In the case of Myanmar, Ms Aung San Suu Kyi is disliked by the Tatmadaw and her second back-to-back election victory did not settle well with the military. This is so primarily because of decades of adversarial pro-democracy and anti-military activism by Ms Kyi and her avowed intention to roll back the role as well as the influence of the military. The general who led the military through the coup, General Mi Aung Hlaing, has been the chief of the army since 2011. He enabled his own nine-year-long stint by seeking an extension in his years of service – which was granted in 2016 in the shape of change in retirement age of generals from 60 to 65 years. He was set to retire in July of this year. However, Ms Kyi’s electoral victory in November 2020 meant that he could not hope to renew his position and that his options to join politics as a retired officer-turned-politician would also not go anywhere, given the overwhelming popular support for Ms Kyi. So instead, he decided to seize power and appoint himself ruler of his country. By doing so, he hopes to undo the threat that Ms Kyi poses, scuttle once and for all her efforts to roll back the military’s power and, of course, secure his own political and personal fortunes.
So clearly, we can see that ‘hybrid democracy’ models are inherently unstable and, over the long run, thoroughly untenable. In case of Myanmar, presence of a disliked but popular political leader on the scene, competing interests of the military and civilians and then finally, the personal ambition of one general, brought down the entire democratic dispensation. Again, to re-emphasize, this happened in a context where the military has had an institutionalized direct role in governance. This is the most important takeaway for proponents of ‘hybrid democracy’ in Pakistan: Whether the military’s role is indirect and behind-the-scenes or direct and institutionalized, the ‘hybrid model’ itself is by its nature unstable and may eventually collapse. Proponents may take note of this and allow such to inform their thinking and efforts.
Having said that, the one final thing that we may watch in the Myanmar context is an international response to the coup. What the international community does will set the tone for the future of democracy and democratic dispensations around the world. This is so because right now a new president has entered the White House in the US. The new president, Mr Joe Biden, is an avowed pro-democracy proponent who has stated that he wants to convene a ‘Summit of Democracy’ soon. Here, Mr Biden views democratic dispensations as America’s allies and a check on China, the presumed rival to American power. Myanmar is Mr Biden’s first major foreign policy challenge and it is likely that he will attempt to put a shine on his pro-democracy credentials in the country.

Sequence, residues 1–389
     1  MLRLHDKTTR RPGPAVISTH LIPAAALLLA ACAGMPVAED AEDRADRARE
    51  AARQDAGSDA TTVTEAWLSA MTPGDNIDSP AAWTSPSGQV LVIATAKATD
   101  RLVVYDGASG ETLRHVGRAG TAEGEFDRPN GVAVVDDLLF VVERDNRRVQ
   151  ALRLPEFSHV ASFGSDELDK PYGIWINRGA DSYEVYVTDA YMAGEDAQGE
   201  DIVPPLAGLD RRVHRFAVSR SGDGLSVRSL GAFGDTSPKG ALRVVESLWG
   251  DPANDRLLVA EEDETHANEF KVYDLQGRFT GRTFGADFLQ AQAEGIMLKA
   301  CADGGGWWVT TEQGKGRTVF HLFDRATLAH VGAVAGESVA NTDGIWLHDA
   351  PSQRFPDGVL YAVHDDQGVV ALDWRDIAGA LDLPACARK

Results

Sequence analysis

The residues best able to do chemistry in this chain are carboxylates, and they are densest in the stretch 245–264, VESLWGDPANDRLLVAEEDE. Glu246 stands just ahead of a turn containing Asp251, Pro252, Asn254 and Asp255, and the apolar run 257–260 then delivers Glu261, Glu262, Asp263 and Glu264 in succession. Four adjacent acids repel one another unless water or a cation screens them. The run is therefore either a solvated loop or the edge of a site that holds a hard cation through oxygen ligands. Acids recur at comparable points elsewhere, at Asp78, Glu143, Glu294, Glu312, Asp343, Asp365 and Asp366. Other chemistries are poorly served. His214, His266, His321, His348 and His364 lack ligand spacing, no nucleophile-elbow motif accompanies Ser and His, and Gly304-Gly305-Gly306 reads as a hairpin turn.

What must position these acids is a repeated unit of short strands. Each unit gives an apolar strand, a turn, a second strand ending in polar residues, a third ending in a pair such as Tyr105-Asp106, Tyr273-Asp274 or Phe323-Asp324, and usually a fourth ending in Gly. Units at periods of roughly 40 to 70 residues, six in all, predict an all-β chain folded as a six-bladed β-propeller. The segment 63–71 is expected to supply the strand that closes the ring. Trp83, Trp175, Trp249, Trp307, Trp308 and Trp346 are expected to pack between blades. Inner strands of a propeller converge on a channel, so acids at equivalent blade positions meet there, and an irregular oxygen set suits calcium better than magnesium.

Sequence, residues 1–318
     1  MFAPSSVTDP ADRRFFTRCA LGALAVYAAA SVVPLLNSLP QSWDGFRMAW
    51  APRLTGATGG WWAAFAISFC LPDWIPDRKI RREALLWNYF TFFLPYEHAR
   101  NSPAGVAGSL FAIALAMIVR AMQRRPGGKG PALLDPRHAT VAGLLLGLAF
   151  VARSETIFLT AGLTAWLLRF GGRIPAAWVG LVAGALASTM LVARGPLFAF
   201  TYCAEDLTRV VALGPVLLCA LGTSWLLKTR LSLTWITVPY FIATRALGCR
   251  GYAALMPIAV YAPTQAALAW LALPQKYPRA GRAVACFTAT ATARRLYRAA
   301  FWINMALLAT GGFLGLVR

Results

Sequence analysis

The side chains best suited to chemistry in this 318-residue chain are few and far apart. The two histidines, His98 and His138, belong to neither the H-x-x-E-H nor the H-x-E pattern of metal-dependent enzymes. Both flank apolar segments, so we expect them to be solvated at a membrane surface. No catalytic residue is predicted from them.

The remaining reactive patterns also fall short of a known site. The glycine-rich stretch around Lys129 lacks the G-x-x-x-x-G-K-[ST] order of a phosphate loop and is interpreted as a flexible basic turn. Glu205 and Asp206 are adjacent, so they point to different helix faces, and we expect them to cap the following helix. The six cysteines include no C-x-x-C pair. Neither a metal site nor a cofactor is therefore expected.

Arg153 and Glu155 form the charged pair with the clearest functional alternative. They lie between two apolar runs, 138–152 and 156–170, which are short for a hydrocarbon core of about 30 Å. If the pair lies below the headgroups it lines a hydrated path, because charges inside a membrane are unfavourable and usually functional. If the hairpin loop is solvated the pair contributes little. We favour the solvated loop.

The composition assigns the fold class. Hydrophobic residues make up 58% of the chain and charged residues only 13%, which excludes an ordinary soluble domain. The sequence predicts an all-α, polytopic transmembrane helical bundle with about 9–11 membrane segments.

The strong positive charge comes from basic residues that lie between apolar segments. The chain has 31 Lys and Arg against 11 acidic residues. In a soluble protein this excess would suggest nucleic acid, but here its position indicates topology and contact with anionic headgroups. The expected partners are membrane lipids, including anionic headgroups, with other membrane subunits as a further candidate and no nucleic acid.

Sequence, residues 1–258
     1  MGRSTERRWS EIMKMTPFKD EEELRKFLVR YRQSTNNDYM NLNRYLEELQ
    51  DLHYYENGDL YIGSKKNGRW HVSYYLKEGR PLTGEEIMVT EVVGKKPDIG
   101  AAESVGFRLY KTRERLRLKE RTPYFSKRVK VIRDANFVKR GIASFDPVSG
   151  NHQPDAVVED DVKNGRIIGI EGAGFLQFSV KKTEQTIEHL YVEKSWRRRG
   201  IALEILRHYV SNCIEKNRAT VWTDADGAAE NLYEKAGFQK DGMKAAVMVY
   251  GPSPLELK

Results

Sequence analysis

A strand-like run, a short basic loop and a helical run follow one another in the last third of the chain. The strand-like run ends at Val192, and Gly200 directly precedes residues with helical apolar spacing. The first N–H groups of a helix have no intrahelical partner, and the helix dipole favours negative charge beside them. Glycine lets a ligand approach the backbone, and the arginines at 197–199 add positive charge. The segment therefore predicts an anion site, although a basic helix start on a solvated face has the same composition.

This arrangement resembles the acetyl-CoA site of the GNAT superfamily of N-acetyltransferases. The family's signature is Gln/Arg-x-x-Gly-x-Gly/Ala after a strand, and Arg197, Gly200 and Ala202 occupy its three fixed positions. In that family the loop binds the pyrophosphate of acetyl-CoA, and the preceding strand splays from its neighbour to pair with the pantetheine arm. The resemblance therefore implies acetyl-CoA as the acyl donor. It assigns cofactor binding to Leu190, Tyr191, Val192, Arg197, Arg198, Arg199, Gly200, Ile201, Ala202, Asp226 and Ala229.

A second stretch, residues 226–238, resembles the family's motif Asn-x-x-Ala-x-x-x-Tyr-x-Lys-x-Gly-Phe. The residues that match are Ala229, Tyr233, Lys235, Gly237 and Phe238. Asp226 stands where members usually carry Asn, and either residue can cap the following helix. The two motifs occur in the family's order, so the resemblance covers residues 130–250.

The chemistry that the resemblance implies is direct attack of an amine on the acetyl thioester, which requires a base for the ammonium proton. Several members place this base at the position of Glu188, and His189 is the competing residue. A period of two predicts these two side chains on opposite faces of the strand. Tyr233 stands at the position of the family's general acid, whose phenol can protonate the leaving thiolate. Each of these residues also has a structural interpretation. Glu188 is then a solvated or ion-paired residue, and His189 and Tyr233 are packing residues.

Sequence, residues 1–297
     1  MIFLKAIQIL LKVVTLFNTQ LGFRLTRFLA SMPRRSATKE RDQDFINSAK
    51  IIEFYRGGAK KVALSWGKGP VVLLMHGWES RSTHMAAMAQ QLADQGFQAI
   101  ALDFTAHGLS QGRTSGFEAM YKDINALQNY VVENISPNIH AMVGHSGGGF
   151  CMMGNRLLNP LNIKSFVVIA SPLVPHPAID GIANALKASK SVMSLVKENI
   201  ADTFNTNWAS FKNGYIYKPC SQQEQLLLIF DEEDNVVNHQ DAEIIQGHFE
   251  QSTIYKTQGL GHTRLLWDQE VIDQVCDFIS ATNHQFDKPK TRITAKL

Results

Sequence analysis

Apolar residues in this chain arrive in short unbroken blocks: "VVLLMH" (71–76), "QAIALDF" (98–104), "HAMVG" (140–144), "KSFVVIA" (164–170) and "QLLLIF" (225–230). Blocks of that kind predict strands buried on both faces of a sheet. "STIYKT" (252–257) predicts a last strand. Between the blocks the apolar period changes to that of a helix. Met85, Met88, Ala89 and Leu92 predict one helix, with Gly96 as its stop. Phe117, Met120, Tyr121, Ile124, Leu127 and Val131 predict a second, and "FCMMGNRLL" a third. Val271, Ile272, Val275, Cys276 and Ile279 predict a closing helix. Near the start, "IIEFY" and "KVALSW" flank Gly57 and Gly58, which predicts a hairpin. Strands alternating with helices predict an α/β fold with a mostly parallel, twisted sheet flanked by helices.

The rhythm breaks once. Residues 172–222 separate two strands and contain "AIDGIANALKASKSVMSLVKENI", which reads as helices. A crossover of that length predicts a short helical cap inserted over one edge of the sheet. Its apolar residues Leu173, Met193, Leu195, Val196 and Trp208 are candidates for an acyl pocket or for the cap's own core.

Yet, Mr Biden is faced with a context where several regional powers have arisen and now enjoy considerable say in international affairs. This includes China, India, Japan, South Korea, and a number of other countries. These countries have their own interests and not all are convinced that the new military dispensation in Myanmar should be met with strong, proactive international action. In addition, around Myanmar, there are powerful regional dynamics in play, such as Bangladesh’s interest in the resolution of Myanmar’s Rohingya situation which is behind hundreds of thousands of refugees the country has to host; Japan’s publicly stated concern about international action pushing Myanmar further under China’s already considerable influence; and, neighboring Thailand and India’s willingness to work with Myanmar’s military for their own politico-economic reasons.
Thus, the complex dynamics surrounding the events in Myanmar will determine the international response to the coup. If nothing else, the response is likely to be fractured and indecisive. Irrespective, whatever the response is, will be watched closely by other militaries and non-political actors that seek power. In watching Myanmar, they will seek cues on what they might end up against should they move to take power. In a similar vein, pro-democracy elements in societies across the globe will be watching to see what form of support – and effectiveness of that support – they are likely to obtain for their own efforts for democracy.
And finally, assuming that some shape and form of international response manages to reverse the situation in Myanmar, what we will ultimately get will still likely be a ‘hybrid democracy’. A political dispensation may take the stage but the Tatmadaw is unlikely to simply cede total power. Therefore, through Myanmar, we may yet learn how the international community views and deals with ‘hybrid’ models. Are ‘hybrid’ models totally acceptable – Do they qualify as full members of the ‘democracy club’ – How far may these be accepted and what components of theirs are palatable to the world at large – These and many more such questions that tie into the debate on ‘hybridization’ of democracies globally may become fully open for discussion, going forward, and should be looked at with interest in Pakistan.